A Travellerspoint blog

Dokrichanchara

A Sojourn into the Canyonland

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Our Mahindra Commander was kicking up dust like a horse in frenzy as we left the metalled road and entered the fair-weather one, a little ahead of Koksara. As we traveled through tidy villages, children came running out of their homes and stood in files beside the road, hands folded in Namaskar. Little did they know where we came from and where we were headed? The horizon in front seemed an insurmountable barrier of hills standing lock-shouldered. Up, high above I spotted a tiny red scratch on the hills. Yes, that was the road ahead – the road that would lead us to Dokrichanchara. As we clambered our way up, at every ascent I looked back to see where we came from. The plains below sprawled like a giant chessboard of light and shade. Black lines indicated metalled roads and shimmering silvery ribbons were rivers and canals.

Crossing the great wall of hills we entered a high altitude plain. It was like an amphitheatre surrounded by 360° of hills. Our escort, Mr. Pradhani, the literacy coordinator of Koksara block, instructed a halt at a village called Khaligarh. Our little army marched behind Pradhani, flushing chickens and scaring mongrels off the village alleys. A few minutes later we proudly returned to our vehicle with the booty: a bunch of utensils and two men – Duryodhan and Bhakta, our cook and trail guide respectively. Now the vehicle was packed with fourteen people and their rations, pushing me on to the stepny (the spare wheel attached to the back of a jeep).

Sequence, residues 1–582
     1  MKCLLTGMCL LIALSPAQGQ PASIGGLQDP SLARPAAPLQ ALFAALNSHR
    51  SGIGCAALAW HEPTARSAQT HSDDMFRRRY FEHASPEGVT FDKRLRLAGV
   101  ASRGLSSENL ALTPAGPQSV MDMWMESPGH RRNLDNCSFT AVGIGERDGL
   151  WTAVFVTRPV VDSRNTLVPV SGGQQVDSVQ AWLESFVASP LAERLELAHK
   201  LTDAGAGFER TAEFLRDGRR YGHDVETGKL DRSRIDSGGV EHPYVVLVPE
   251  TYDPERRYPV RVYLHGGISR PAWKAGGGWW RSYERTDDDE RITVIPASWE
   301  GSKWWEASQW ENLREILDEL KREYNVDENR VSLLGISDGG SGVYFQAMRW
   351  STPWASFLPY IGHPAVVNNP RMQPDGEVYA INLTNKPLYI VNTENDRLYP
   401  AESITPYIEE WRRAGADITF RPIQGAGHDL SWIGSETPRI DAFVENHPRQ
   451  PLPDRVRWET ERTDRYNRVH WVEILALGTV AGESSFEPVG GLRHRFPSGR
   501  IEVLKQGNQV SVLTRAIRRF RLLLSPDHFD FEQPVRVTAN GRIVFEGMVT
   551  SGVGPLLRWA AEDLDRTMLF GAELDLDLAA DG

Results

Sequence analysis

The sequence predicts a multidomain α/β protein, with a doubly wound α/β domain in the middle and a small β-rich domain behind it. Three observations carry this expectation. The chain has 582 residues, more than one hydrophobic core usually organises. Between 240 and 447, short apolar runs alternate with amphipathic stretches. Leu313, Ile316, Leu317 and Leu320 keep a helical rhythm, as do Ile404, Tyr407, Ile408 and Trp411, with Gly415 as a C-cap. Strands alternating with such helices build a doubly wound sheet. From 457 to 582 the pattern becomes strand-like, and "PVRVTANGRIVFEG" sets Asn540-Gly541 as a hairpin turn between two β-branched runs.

Leaving the amphitheatre we entered a steep road. Trees and climbers hooded a scary canopy above us. Some of the drooping branches lashed me on my face. At places the road seemed to be lost in a sea of boulders and the vehicle tossed and roared violently. Often we had to get down giving it a shove of encouragement. Bhakta kept on assuring, “Just a little ahead and we’ll get better road” and each time he told this the road turned worse. Now, ahead of us stretched a pair of parallel gullies, created by hauling logs with cattle. Sometimes, our vehicle ran on its right wheels only with the left ones frantically slicing the air. Thoroughly disgusted with Bhakta and his assurances we decided to park our vehicle in a little clearing beside a forest path and got down to walk with all our belongings.

The sun was already down when we completed our hike of three kilometers. In the half darkness of the sieved moonlight we found ourselves on a small outcrop at the foot of a hill. A flight of twenty or so wide steps led to another outcrop above where stood a little one-roomed house – the inspection bungalow (IB) and a queer little temple with an oil lamp at its gate. To our immediate left lay a densely wooded slope of a hill. To our right, a little distance away stood a great, bare wall of textured rocks crowned by a tree-line. Between these two lay a vacant space, cloaked by the shadow of the rocky wall. It seemed to be a plane with a brook rushing through it, as we gathered from the sweet sound of gurgling water. Off and on a strong gorge wind howled as it tried to shake us off our feet.